The NHL has suspended Brandon Prust two games for his illegal hit on Derek Stepan in Game 3. On the controversial play, Stepan suffered a broken jaw. The Rangers have listed him as day to day.
The full explanation of the suspension emphasizes that Stepan had already released the puck and took two steps away from Thomas Vanek when Prust blindsided him. As has been noted, he had enough time to avoid Stepan but instead delivered an illegal check that made contact with the chest and jaw. This is interference. Let’s examine it further.
Based on Rule 56.4, a major penalty can be assessed if the referee interprets the degree of violence as such. Rule 56.5 states the guilty player can be given a Game Misconduct Penalty. If it’s ruled a major penalty due to the foul resulting in an injury to the opponent, a game misconduct shall be imposed. In Prust’s case, it should’ve been an interference major and game for his deliberate attempt to injure Stepan. Instead, the three referee tandem of Marc Joanette, Kevin Pollock and Wes McCauley missed it entirely. Linesmen Steve Miller and Scott Driscoll must’ve been sleeping.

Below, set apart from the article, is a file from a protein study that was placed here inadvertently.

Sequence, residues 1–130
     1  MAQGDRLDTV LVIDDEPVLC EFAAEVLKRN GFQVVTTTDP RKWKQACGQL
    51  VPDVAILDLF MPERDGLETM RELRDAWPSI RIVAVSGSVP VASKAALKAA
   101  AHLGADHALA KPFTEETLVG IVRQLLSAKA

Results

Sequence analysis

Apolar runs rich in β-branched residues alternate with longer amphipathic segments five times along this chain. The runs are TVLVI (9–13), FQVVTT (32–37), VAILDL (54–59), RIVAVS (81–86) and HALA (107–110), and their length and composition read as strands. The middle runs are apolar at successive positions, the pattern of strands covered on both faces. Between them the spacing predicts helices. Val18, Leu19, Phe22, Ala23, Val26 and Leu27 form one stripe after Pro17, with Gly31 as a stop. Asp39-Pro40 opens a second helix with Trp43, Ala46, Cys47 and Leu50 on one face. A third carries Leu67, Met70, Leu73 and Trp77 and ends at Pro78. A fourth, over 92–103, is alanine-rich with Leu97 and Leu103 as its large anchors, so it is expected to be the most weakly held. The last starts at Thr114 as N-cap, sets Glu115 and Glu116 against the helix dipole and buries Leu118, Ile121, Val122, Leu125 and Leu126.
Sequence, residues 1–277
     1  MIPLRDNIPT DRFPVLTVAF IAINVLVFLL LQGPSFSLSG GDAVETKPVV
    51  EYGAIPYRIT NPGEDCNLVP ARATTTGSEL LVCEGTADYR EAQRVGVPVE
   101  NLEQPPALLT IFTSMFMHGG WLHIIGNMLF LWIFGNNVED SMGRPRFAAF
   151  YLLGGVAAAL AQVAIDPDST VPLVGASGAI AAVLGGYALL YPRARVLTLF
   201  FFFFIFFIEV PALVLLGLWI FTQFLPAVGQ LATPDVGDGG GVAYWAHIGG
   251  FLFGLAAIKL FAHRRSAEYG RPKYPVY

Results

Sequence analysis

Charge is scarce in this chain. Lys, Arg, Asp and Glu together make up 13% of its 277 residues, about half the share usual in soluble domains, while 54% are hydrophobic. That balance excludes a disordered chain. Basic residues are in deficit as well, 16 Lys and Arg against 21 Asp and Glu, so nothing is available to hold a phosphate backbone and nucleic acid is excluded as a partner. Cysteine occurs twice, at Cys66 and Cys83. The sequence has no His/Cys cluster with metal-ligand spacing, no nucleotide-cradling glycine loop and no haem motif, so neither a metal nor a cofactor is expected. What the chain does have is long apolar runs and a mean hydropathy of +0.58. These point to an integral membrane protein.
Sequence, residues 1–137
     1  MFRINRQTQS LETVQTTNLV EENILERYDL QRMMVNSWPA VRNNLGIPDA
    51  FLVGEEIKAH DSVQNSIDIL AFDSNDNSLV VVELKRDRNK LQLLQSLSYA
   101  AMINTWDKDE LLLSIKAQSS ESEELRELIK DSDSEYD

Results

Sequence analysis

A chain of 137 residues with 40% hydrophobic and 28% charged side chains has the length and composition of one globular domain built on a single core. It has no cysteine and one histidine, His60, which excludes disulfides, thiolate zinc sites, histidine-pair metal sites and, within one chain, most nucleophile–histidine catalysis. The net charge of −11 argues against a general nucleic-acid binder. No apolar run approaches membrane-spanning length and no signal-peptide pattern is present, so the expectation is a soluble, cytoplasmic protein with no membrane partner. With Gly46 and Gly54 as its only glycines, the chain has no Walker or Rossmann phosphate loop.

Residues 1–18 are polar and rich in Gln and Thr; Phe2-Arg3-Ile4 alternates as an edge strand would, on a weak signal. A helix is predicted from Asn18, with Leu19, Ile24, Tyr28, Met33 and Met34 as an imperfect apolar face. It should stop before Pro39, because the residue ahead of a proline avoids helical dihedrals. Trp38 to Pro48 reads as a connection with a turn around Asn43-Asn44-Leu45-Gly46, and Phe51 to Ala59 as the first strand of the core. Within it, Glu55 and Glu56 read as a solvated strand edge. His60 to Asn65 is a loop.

Here’s the long and the short of it. The Rangers should’ve been on a power play. Instead, no call was made. To their credit, they continued to press the attack and took a 1-0 lead to the locker room. However, they didn’t take full advantage of a sloppy period from the Canadiens. Who knows how it would’ve played out. The bottom line is they had an opponent on the ropes and let them off. Game 4 looms large.
What’s frustrating is the lack of consistency from the NHL. By all accounts, the officiating was abominable. There was more than one tweet about how substandard it was for a Conference Final. At this critical juncture, that shouldn’t be the case. The refereeing should be secondary. Last round versus the Pens, it was. They actually did a good job allowing the teams to decide it without missing many blatant infractions. Like the hockey, the officiating standard is supposed to go up. It hasn’t.
Even more baffling is that the explanation for Prust’s suspension would seem to indicate that he deserved more games. Granted, it’s only the second time he’s been suspended. However, he had every chance to avoid Stepan. So much for his motto, “accidentally on purpose.” Only because Stepan was able to return and play so well did Prust get off light. Plus the Rangers played a little gamesmanship to try to get more games. It wouldn’t surprise anyone if Stepan returned Sunday and played with a caged helmet. Maybe he can put on his cape and pay back Prust on the scoreboard.